Ron Paul runs for president again. Will GOP embrace a libertarian in 2012?

Ron Paul began his third run for the White House yesterday, saying that 'people are agreeing with much of what I've been saying for 30 years.' A key hurdle: selling his foreign policy to GOP voters.

Republican presidential candidate Ron Paul greets supporters outside Grand Central Terminal prior to holding a fundraiser on October 13, 2007.

Creating jobs. Strengthening family values. Improving education. Protecting Social Security. Those are the leitmotifs that generally mark a presidential candidate’s stump speech. They’re poll-tested to resonate with the broadest possible audience, which is why most stump speeches sound eerily similar.

Not Ron Paul’s.

Back in December 2007, I took my family to New Hampshire to listen to the candidates speak. Hillary Rodham Clinton’s event was jammed. Mitt Romney’s was, too. So we ended up in a hotel conference room listening to Ron Paul (a longtime Republican congressman from Texas) whip up the crowd with … references to ancient Roman emperors who weakened their currencies.

I’ve seen grown women swoon at a Seal concert. But I never thought I’d see it happen during a discourse about the Federal Reserve. The ecstasy of his devoted followers, however, never materialized into a broad following and Mr. Paul’s candidacy soon faded.

Now Paul’s back in the ring. He formally announced his White House run yesterday. But unlike his efforts in 1988 or 2008, the explosion of US debt along with the weakening of the US dollar have turned his fringe talking points into mainstream issues. Paul was a one-man tea party before the tea party movement emerged in 2009, and his consistency as a fiscal conservative certainly gives him major street cred.

Those who back Paul were certainly buoyed by a shock poll from CNN last week that showed Paul running better against President Obama than any other GOP candidate.

The problem, though, is that Paul is not running in a Libertarian primary. He has to win the support of Republican voters, many of whom have expressed coolness toward his rigorously anti-war, isolationist foreign-policy views.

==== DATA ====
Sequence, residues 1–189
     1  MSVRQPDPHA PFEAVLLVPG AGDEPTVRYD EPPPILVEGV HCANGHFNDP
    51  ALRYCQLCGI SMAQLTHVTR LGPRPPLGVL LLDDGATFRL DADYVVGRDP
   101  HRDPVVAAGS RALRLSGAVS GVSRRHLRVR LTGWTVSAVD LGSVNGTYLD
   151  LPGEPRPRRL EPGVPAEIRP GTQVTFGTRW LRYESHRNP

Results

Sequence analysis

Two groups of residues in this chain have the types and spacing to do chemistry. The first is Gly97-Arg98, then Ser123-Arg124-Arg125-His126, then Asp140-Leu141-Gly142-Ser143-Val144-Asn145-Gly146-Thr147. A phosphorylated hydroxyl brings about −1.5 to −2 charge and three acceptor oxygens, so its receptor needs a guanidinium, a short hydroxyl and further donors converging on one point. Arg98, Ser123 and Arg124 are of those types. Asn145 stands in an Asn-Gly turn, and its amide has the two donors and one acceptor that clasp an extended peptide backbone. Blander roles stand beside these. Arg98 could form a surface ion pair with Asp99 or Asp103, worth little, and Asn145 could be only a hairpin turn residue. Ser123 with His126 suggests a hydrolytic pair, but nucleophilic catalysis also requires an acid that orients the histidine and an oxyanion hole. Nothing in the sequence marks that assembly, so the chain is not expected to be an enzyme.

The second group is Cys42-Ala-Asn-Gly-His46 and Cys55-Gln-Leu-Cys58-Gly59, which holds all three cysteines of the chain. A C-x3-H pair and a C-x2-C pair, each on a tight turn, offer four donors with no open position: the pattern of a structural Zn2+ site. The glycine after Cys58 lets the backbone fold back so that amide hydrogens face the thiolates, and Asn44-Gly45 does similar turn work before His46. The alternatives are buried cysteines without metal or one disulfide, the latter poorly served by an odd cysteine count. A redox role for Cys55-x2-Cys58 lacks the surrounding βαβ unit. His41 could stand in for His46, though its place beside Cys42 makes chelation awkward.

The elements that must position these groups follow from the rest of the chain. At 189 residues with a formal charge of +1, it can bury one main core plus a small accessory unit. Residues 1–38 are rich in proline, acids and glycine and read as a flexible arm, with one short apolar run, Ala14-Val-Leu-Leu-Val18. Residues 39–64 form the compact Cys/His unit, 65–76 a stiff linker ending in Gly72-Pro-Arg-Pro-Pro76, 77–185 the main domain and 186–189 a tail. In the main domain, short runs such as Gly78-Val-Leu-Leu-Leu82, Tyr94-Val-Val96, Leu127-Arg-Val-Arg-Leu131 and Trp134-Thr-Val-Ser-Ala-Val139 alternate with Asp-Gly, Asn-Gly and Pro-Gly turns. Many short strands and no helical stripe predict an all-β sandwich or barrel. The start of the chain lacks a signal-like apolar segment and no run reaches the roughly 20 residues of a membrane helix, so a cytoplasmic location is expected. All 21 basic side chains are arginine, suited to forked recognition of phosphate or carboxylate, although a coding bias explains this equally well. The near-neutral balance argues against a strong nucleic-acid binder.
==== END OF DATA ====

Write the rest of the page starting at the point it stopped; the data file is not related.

For example, consider the audience’s reaction to Rudy Giuliani's rebuttal of Paul’s comments about 9/11 in this Republican debate from May 2007:

Four years later, Paul still doesn’t shy away from controversy. Just before launching his presidential bid this week, he told a radio host that he wouldn’t have authorized the raid that killed Osama bin Laden, citing respect for the rule of law.

That may be a principled stand, but it’s probably not one that will endear him to conservative primary voters.

The irony is that Paul’s non-interventionist foreign policy was in some degree a hallmark of Republican thinking as recently as 2000, when George W. Bush campaigned on a policy of avoiding nation-building or using troops as the world’s policeman. 9/11 changed all that, which proves that American presidents can adjust their priorities with great speed. But so can voters. Nearly a century ago, the nation backed Woodrow Wilson – perhaps the most progressive US president ever. A short while later, voters embraced Calvin Coolidge – arguably our most libertarian chief executive.

Is the timing right for Paul? He certainly thinks so:

Announcing his run on ABC’s Good Morning America, Paul said the “time has come around to the point where the people are agreeing with much of what I've been saying for 30 years."

"So I think the time is right."

Is it? I plan on taking my family back to New Hampshire this December. If we can't get into the Ron Paul rally because of a traffic jam, we'll know for sure.

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